Next to the thrill of racing around the track on two wheels at speeds that would make your mother fret, motorcycle insurance is a bland topic but it is an essential one. What is also essential is to know some of the quirks that people often aren’t aware about when it comes to motorcycle insurance – some good and some bad.
Before we get into the meat of the article, a disclaimer. Insurance is a complicated product and policies not only vary greatly from company to company, they can also be implemented completely different depending on what country you’re in and even which state or province you reside. As a general rule, insurance is tied to the vehicle in Australia, while in the UK it’s attached to the individual. In the US, insurance is a complicated mess that requires plenty of work to make sure you’re properly covered.
Our advice is therefore to always speak to your insurer directly or if in the market for a new policy, get in touch with an insurance broker. This article does look at motorcycle insurance in a generic way and should not be taken as legal or financial advice for your specific situation.
Some Insurance Policies Let you Ride at the Track
This may sound too good to be true and to a degree it is. Most insurance companies won’t cover your at the track, full stop. However, some will cover you if the purpose of being at the track is for rider training, while others will cover you carte blanche through their standard policy.
In Australia there are many insurance companies that will insure your ride if you undertake advanced courses. QBE will cover the level 1 California Superbike School course which involves a serious amount of track time and may also cover other ‘racier’ types of training that is with an approved and accredited training organisation. InsureMyRide covers a number of advanced courses from TopRider which take place on a track and a number of insurers also cover advanced courses from Stay Upright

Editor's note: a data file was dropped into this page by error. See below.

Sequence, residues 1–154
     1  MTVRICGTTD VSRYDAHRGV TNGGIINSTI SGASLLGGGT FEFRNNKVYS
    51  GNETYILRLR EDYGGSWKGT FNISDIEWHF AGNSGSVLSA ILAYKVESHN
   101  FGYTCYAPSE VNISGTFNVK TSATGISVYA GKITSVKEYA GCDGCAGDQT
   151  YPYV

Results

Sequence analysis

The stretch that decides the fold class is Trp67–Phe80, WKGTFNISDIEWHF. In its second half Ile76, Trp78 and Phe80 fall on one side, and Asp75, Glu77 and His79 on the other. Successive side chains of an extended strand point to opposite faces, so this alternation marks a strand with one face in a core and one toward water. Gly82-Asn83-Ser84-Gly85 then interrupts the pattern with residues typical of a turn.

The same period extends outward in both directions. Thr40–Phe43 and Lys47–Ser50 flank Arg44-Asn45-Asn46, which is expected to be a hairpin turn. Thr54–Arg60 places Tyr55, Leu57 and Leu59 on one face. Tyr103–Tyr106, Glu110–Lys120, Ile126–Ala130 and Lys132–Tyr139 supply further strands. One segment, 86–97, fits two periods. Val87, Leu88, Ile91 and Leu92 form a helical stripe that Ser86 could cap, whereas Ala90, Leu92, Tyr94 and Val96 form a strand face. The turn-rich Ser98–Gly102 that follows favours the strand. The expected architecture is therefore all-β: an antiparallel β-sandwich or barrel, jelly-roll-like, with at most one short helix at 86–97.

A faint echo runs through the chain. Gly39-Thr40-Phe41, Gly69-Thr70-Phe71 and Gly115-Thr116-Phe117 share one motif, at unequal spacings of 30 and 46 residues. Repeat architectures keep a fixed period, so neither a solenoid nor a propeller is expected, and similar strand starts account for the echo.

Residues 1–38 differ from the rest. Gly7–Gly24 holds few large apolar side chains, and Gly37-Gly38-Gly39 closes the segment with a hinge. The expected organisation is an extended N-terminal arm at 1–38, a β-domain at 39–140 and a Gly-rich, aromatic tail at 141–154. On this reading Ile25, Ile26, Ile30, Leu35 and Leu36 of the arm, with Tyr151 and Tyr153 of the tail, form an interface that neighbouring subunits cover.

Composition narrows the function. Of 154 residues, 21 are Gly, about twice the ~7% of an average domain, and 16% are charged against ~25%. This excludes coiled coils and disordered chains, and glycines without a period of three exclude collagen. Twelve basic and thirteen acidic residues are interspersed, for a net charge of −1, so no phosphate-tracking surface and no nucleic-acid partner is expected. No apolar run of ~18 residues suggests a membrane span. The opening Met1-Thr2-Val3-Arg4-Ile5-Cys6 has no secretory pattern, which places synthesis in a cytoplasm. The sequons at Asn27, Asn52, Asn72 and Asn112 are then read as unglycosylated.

If you’re at a track day where there’s no timing or a hint of racing your policy could cover you. Riding a Goldwing would no doubt help convince the insurance company of the non-racing clause.
In the USA, the coverage for taking your to the track bike varies immensely from policy to policy and state to state. State Farm however has an excellent reputation among motorcyclists and they do cover your bike at the track if it is involved at an educational riding event. That’s a phrase open to interpretation but many motorcyclists have reported crashing at track days (not racing) and State Farm has covered them. There are also policies from specialised insurance agencies such as Einhorn in California that do include coverage for track days as long as riders aren’t racing for dollars or points.